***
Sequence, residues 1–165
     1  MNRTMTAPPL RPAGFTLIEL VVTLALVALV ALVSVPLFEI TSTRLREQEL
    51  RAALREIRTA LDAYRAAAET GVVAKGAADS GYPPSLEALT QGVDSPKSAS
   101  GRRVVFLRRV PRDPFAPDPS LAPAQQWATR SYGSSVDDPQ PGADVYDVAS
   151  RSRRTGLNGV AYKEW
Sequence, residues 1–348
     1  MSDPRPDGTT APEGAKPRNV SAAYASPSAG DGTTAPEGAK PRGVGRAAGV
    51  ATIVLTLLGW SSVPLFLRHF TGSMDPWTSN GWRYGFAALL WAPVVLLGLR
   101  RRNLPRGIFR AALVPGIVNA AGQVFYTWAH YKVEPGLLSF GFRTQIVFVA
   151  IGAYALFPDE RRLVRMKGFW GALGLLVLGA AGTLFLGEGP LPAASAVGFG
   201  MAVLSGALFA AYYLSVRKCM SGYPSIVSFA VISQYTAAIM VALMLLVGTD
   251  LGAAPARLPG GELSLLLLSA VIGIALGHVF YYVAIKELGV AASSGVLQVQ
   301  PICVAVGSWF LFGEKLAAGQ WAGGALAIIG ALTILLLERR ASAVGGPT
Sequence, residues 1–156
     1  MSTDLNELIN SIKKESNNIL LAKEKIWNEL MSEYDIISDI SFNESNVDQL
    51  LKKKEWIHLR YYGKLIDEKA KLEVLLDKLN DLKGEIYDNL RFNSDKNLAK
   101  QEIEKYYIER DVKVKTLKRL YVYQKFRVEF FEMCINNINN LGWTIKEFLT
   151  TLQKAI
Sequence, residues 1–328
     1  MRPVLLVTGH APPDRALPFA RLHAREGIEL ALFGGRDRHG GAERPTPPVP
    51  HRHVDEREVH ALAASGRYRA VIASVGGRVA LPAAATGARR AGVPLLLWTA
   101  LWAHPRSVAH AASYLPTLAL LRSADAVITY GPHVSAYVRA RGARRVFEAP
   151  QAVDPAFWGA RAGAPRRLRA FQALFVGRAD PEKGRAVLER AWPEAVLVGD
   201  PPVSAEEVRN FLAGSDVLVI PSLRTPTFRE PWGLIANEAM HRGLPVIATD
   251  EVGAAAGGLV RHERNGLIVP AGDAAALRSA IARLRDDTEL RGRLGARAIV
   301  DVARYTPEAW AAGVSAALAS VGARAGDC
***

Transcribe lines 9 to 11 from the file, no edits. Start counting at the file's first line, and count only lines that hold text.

   101  RRNLPRGIFR AALVPGIVNA AGQVFYTWAH YKVEPGLLSF GFRTQIVFVA
   151  IGAYALFPDE RRLVRMKGFW GALGLLVLGA AGTLFLGEGP LPAASAVGFG
   201  MAVLSGALFA AYYLSVRKCM SGYPSIVSFA VISQYTAAIM VALMLLVGTD